Lady Anne Cunningham: An Encourager of Faithful Ministers

By Angela Wittman

This story of Lady Anne Cunningham is taken from the book “The Ladies of the Covenant” by Rev. James Anderson.

Lady Anne was born in Scotland sometime before 1588 (her exact birth date is unknown); she married Lord James, the Marquis of Hamilton in 1603. Together they had five children. Lady Anne was then widowed in 1625.

After her husband’s death, she continued to live a life of devotion to the Lord Jesus Christ and of blessing others until her death in September of 1647. She lived during two periods of national covenanting that took place in Scotland in 1638 and 1643. Those known as “Covenanters” maintained that Christ was the Supreme King of the church and the nation, which conflicted with those who advocated “the divine rights of kings” over both realms.

Even though her husband did not have share her zeal for freedom of religion and he reportedly was more concerned with personal ambition, Lady Anne persevered and left an impact upon future generations of Christians. She was known for her zeal for purity of religion, generosity to others, and encouragement to the faithful ministers of the Gospel. She was also known to use her influence at court in London to protect the nonconformist ministers who were undergoing persecution for their uncompromising preaching.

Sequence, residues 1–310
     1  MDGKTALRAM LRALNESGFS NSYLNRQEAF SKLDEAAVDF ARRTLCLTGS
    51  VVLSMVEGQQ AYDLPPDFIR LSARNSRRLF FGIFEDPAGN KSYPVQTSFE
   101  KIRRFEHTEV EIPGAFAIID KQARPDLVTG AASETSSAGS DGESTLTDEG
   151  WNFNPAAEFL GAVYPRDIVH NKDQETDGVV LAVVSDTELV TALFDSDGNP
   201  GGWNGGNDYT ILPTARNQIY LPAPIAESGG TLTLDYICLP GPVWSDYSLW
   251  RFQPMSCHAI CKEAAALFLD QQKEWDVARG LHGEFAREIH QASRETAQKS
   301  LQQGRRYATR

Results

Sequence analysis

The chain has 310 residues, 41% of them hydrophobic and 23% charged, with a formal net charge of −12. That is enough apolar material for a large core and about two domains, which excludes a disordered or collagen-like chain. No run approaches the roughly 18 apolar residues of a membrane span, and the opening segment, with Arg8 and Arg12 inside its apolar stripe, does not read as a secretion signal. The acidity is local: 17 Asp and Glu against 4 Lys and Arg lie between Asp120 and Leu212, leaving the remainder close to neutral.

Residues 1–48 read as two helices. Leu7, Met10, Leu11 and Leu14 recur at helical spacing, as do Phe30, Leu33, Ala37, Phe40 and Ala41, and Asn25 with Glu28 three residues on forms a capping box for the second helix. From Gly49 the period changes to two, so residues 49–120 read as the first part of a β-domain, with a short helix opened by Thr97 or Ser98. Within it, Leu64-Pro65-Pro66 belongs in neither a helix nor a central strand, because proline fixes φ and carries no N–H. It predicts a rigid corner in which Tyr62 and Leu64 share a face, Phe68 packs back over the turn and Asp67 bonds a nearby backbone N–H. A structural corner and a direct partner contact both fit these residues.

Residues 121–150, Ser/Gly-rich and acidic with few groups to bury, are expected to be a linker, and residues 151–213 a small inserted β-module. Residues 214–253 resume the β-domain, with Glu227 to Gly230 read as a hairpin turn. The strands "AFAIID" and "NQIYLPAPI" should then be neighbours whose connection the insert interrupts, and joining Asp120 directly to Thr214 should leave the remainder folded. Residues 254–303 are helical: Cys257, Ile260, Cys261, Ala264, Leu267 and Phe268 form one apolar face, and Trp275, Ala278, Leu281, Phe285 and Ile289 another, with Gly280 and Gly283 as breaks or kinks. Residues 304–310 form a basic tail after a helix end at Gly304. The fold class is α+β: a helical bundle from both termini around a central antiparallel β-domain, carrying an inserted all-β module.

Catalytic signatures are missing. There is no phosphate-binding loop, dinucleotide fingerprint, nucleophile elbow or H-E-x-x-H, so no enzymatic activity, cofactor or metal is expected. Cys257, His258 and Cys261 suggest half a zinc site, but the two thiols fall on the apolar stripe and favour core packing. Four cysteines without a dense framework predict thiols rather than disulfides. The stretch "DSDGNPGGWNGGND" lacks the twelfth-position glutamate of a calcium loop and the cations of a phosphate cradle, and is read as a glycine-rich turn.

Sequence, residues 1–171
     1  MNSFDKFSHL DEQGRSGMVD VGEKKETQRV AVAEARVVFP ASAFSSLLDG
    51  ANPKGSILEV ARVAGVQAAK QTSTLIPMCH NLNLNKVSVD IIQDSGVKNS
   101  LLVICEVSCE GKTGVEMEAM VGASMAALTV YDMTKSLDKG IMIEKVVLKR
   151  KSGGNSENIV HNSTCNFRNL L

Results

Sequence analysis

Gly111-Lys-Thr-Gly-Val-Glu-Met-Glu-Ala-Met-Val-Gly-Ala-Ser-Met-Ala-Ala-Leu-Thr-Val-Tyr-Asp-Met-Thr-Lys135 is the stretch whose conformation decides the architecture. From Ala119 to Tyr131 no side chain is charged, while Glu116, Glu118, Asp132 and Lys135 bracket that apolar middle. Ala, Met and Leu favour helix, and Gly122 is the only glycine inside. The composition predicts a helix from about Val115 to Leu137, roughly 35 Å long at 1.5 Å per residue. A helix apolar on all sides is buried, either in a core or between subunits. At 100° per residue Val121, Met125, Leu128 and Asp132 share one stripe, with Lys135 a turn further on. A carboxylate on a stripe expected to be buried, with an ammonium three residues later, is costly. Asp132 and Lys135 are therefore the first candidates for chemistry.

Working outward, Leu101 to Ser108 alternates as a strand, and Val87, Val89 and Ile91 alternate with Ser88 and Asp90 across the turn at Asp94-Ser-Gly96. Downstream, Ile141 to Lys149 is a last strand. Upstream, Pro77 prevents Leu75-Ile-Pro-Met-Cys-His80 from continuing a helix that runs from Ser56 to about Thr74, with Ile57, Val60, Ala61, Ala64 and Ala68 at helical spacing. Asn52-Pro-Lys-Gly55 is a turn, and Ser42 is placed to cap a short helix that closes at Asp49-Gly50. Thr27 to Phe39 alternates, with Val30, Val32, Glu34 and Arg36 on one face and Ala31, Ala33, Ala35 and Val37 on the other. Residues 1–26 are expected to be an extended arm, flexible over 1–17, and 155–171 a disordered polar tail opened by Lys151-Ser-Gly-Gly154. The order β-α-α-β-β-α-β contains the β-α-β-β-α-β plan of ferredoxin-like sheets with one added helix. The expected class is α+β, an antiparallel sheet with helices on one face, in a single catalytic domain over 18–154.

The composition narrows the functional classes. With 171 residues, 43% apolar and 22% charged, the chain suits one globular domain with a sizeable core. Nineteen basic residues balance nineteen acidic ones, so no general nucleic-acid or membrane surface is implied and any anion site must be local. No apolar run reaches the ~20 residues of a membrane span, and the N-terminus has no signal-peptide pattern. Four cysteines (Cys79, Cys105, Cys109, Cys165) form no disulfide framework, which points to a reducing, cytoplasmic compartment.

Lady Anne Cunningham was also connected with a revival which took place at the Kirk of Schotts in June of 1630. The Lord used her to advance His Kingdom with the most ordinary event – a broken down carriage while traveling! A local gentleman, Mr. Home, invited Lady Anne and her traveling companions to stay at his manse while the carriage was being fixed. Afterwards Lady Anne thanked him by having a new manse built as his was in disrepair. He then expressed his gratitude by allowing her to name the ministers to assist him at a celebration of the Lord’s Supper. Word soon spread that some of the most respected ministers of the time would be at the event and a large number attended. Some of the ministers in attendance were John Livingstone, Robert Bruce and David Dickson. Approximately 500 people who attended reported they had experienced a noticeable change in their lives after the event and many went on to become Christian activists.

How can we impact future generations for Christ as Lady Anne Cunningham did? I think we should start with a wholehearted commitment to Jesus Christ and the furtherance of His Kingdom. I believe that once we win the battle in our minds and hearts to cast all of our being upon Him, regardless of the personal cost, He will then begin to arrange our lives and circumstances so that we will have opportunity to be known as women of piety, holiness, honor, generous with our time, talents and prayers for those men faithfully preaching the Gospel. And above all, let us stand firmly, without wavering for “Christ’s Crown and Covenant.”

Originally written and published May, 2007


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